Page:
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Which soil would you rather grow corn in?Which soil would you rather grow corn in?

Corn Illustrated: Simple experiment shows how no-till soil holds structure while conventionally tilled soil melts away.

Tom J Bechman 1

December 3, 2019

3 Min Read
two tubes filled with water with a clump of soil at top of each tube
FIRST FEW SECONDS: Just after Tony Bailey dropped these soil clumps in water, the clump from the conventional field (left) began shedding soil particles.

Not all soils are created equal. If you buy into that premise, Tony Bailey says you’re ready to delve deeper into the soil health concept and what it can do to improve your corn yields.

“Soils have a living biological function along with physical properties,” says Bailey, natural resources specialist with the Natural Resources Conservation Service in Indiana. “Soils function better if you have sufficient biological activity to assist with the physical characteristics of the soil.”

Bailey uses a simple demonstration to prove his point. He sets up two large, oversized test tubes of water on a table. He places a wire basket inside each one, hung so the basket is just submerged under the surface of the water.

He drops a clump of dry soil from a conventionally tilled field into one tube (on the left in the picture below). At the same time, he drops a dry clump of soil from a no-till field into the basket submerged in the second tube (on the right).


DARE TO COMPARE: Tony Bailey prepares to show how a dry clump of no-till soil (right) reacts to water vs. a clump of dry conventional soil.

Within seconds, soil particles begin falling away from the conventionally tilled soil. Very little happens in the tube with the no-till soil. After a few minutes, most of the clump from the conventional system is dissolved.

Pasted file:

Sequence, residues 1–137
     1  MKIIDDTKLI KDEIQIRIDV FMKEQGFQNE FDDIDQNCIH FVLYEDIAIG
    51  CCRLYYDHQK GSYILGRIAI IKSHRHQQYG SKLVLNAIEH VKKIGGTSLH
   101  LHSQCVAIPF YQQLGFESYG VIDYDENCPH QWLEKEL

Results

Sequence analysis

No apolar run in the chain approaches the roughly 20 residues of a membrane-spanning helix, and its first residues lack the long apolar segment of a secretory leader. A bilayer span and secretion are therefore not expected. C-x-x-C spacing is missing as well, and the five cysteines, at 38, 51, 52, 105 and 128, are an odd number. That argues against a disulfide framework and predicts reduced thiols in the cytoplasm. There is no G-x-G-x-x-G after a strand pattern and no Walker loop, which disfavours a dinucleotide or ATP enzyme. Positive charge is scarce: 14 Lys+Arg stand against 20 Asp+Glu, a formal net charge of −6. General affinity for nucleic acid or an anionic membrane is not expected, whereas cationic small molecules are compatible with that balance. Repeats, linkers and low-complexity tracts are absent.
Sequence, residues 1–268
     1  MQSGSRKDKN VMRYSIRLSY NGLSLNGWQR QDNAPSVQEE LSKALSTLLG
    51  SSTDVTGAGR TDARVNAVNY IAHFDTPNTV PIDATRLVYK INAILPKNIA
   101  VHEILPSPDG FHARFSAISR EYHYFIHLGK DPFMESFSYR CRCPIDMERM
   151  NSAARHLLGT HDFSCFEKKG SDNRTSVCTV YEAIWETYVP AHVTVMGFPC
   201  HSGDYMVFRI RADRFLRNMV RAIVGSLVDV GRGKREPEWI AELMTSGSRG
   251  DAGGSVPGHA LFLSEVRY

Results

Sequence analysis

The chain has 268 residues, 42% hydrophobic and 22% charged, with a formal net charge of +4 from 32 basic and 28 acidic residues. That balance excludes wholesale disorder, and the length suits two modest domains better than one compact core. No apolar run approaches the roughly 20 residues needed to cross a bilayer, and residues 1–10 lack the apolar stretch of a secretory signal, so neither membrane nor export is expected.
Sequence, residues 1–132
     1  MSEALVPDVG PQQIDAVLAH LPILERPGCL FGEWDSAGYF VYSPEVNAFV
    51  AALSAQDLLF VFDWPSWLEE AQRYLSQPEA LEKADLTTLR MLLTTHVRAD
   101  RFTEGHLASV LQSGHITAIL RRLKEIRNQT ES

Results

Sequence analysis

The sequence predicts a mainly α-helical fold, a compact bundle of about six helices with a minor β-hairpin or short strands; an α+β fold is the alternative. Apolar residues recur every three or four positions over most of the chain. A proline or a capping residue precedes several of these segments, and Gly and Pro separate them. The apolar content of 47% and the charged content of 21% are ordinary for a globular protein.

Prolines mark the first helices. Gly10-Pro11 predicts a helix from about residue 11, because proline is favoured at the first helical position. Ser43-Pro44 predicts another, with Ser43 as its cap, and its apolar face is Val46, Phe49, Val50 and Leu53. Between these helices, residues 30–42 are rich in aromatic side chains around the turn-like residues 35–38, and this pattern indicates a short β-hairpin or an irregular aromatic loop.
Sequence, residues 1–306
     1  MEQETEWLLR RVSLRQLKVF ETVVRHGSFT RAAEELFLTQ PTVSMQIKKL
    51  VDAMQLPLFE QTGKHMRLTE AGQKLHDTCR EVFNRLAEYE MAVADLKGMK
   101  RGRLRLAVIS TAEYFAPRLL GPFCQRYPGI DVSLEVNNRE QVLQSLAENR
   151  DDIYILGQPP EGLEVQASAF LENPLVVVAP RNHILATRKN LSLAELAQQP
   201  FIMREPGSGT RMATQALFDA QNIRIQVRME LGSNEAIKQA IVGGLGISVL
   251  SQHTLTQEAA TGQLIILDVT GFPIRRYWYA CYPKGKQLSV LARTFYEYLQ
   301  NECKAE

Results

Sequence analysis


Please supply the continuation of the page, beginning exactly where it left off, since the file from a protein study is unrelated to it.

The particles that made up the clump color the water brown, much like the appearance of a muddy river or creek after a rainstorm. It’s the same principle: Soil particles not protected by residue leave the surface in conventionally tilled fields and wind up as sediment in waterways. In this case, the particles cloud the water, with some settling out on the bottom of the tube.

Meanwhile, the clump of no-till soil remains intact inside the basket, with very few particles in the water in the tube.

No magic here

It’s not magic — it’s simple biology in action, Bailey says. Substances that act like glue, secreted by living organisms that are more active in a no-till field, help hold soil particles together. That allows soil structure to remain intact. Instead of sloughing off when exposed to water, particles remain as part of the soil clump in the basket.

This helps explain why less water and dramatically fewer soil particles leave a no-till field after a major rain event, Bailey says. That’s why streams near no-till fields tend to stay cleaner instead of turning a muddy brown color after heavy rains.   


DRAMATIC DIFFERENCE: Tony Bailey explains that the no-till soil clump on the right stayed intact in the wire basket inside the giant test tube, while the conventional soil clump on the left dissolved into the water.

“Diversified soil biology in a no-till field with healthy soil has a synergistic effect within the field,” Bailey says. The result is better infiltration in a no-till field over time. Water moves into the soil instead of running off. “You will see more runoff from a tilled field than from a no-till field.”

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No till

About the Author(s)

Tom J Bechman 1

Editor, Indiana Prairie Farmer

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